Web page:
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Title: Exploring the system hierarchy from devices to on-chip communication
Authors: Bhattacharya, Debajit
Advisors: Jha, Niraj K.
Contributors: Electrical Engineering Department
Keywords: 3D Monolithic integration
Capacitance extraction
Network on chip
Subjects: Electrical engineering
Computer engineering
Issue Date: 2016
Publisher: Princeton, NJ : Princeton University
Abstract: FinFETs have replaced planar CMOS at and beyond the 22 nm node because of their superior short-channel behavior. Despite their significant advantages in electrostatics, FinFETs suffer from increased fringe capacitance because of the non-planar geometry. Parasitic capacitances affect the performance of numerous timing-critical circuits, such as voltage-controlled oscillator (VCO), content-adderessable memories (CAMs), and static random-access memories (SRAMs). Hence, accurate extraction of parasitic capacitances in FinFET and ultra-scaled CMOS circuits is an extremely important step in post-layout VLSI design flows and yet remains a very challenging task. Recently, technology computer-aided design (TCAD)-assisted automation in structure synthesis followed by a transport analysis-based capacitance extraction approach has shown a lot of potential in terms of accuracy and computational efficiency. However, extending TCAD from the circuit level to the array level still poses a major computational challenge. In the first three chapters of the thesis, we attempt to address this challenge, also known as the many-device TCAD barrier challenge. In the first work in this category, we present design possibilities of FinFET-based CAMs, aided by an accurate TCAD-assisted capacitance extraction methodology. For the first time, we explore the design space of FinFET CAMs and propose two capacitance-sensitive orthogonal layout styles for FinFET-based CAM design. In the second work in this category, we extend and validate the TCAD-assisted capacitance extraction methodology to extract parasitic capacitances that affect the oscillation frequency of a 10 GHz VCO. In the third work in this category, we extend the TCAD-assisted capacitance extraction framework to SRAM and logic arrays, proposing three methods to speed up capacitance extraction by partitioning the layout into several fragments. The second emphasis of this thesis is on emerging monolithic 3D integration technology and its applicability to FinFET SRAM design. Unlike the conventional through-silicon-via (TSV)-based 3D integration methods, monolithic 3D integration enables higher density of transistors owing to the much smaller monolithic inter-tier vias (MIVs). For the first time, we explore the design possibilities for several FinFET-based ultra-high density monolithic 3D 6T and 8T SRAMs, taking detailed process variations into account. We propose a new 8T 3D FinFET SRAM bitcell that shows significant improvements in read stability and silicon footprint area without affecting writeability, when compared with the conventional 2D 6T SRAM bitcell. The third and final research direction of the thesis focuses on networks-on-chip (NoCs). NoC is a type of communication architecture that addresses the scalability problems of standard bus-based communication by distributing the communication resources among the communicating components. Traditionally, analytical performance models have been used to speed up the extremely slow simulation/prototyping phase of modern NoC design. However, the currently available analytical models’ outdatedness forces NoC designers to rely on simulation/prototyping. In view of this, we propose a novel analytical NoC performance analysis methodology for modeling the state-of-the-art single-cycle multi-hop asynchronous repeated traversal (SMART) NoC that enables packets to partially or completely bypass routers from source to destination. To the best of our knowledge, this is the first work on analytical modeling of NoCs that enable bypassing of routers.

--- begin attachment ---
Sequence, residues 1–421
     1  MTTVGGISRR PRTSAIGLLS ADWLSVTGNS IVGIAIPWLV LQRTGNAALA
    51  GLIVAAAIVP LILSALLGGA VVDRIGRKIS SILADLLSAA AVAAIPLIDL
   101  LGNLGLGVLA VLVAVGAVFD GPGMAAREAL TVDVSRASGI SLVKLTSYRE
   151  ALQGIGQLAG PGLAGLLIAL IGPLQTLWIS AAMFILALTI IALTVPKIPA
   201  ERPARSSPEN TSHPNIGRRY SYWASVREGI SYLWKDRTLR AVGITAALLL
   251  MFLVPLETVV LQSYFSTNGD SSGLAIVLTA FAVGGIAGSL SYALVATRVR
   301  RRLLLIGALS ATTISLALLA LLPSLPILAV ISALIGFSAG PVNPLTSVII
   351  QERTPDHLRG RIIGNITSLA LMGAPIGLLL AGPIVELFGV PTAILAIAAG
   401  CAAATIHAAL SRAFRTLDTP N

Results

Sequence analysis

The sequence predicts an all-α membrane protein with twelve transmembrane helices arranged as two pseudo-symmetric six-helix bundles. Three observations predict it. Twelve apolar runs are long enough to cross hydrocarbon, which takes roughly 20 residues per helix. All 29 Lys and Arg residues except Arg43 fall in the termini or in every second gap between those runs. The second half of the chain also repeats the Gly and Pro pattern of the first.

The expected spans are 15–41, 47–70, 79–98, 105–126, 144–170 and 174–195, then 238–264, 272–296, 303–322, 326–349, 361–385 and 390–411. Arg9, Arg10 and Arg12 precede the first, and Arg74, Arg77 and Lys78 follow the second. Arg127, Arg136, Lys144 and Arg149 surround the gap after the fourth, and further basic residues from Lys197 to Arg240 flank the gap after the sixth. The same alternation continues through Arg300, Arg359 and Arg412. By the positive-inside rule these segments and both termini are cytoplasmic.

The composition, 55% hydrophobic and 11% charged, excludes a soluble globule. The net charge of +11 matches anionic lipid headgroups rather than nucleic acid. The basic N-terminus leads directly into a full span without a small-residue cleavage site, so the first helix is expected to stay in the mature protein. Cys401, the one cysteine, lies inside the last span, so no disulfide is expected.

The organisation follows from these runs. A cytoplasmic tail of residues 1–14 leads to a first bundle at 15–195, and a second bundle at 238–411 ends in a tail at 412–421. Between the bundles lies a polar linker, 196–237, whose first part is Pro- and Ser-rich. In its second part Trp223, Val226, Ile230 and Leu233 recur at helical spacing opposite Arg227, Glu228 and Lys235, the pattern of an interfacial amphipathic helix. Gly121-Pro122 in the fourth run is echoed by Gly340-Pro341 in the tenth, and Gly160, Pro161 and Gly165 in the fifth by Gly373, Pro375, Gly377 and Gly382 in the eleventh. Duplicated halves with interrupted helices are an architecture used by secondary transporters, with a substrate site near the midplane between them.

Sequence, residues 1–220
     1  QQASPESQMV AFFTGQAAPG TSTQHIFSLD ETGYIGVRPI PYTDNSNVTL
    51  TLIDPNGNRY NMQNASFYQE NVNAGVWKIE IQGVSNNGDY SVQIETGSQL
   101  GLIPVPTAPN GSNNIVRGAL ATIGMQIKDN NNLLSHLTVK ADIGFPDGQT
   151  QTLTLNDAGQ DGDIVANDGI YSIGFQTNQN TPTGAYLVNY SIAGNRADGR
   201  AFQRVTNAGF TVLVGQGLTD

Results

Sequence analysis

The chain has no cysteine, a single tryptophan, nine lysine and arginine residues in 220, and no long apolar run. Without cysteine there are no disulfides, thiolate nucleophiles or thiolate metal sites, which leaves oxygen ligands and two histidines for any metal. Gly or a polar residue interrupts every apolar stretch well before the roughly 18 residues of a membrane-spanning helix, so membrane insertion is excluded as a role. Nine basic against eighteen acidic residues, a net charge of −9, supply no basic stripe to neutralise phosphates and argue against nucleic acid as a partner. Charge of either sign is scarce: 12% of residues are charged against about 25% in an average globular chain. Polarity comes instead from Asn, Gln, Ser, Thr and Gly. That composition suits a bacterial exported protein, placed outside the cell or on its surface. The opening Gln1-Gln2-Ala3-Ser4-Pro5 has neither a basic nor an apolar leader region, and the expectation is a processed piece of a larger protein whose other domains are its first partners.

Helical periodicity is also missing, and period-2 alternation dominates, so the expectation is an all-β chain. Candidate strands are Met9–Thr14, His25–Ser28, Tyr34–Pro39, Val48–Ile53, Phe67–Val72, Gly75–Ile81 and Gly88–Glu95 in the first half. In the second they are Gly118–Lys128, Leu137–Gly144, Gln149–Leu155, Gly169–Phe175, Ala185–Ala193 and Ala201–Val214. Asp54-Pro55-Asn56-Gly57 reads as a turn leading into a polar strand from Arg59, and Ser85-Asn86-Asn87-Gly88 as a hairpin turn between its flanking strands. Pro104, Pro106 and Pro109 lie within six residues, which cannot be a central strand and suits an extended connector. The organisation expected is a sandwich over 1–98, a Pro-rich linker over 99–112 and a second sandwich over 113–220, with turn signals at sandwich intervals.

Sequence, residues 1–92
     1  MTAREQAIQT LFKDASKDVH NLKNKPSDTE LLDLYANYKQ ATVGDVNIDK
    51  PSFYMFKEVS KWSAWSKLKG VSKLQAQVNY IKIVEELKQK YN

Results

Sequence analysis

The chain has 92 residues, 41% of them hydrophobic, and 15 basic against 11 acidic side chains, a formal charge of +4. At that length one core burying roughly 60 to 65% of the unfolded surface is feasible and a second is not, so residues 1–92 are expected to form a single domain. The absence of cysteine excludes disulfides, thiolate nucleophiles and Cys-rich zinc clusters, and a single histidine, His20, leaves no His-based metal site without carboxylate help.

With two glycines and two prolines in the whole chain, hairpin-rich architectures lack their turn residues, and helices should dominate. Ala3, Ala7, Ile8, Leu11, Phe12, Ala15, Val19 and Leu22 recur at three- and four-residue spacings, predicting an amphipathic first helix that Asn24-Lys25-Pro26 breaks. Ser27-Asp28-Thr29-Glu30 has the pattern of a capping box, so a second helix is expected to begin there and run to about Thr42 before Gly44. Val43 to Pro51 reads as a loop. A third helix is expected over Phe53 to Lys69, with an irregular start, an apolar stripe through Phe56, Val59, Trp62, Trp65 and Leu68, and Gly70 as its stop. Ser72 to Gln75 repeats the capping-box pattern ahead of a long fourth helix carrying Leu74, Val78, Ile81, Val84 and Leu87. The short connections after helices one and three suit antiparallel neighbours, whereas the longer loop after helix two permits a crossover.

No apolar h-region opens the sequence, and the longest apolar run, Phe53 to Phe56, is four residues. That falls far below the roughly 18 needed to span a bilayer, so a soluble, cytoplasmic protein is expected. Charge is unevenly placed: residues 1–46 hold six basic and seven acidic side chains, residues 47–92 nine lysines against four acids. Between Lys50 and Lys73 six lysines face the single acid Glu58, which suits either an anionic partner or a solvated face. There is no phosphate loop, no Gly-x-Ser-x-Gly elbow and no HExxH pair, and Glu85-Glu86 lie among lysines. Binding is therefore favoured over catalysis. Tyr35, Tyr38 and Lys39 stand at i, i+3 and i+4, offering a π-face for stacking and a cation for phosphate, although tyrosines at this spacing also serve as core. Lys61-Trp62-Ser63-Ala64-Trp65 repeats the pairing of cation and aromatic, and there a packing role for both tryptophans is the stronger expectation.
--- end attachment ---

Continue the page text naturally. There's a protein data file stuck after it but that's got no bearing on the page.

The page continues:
Alternate format: The Mudd Manuscript Library retains one bound copy of each dissertation. Search for these copies in the library's main catalog:
Type of Material: Academic dissertations (Ph.D.)
Language: en
Appears in Collections:Electrical Engineering

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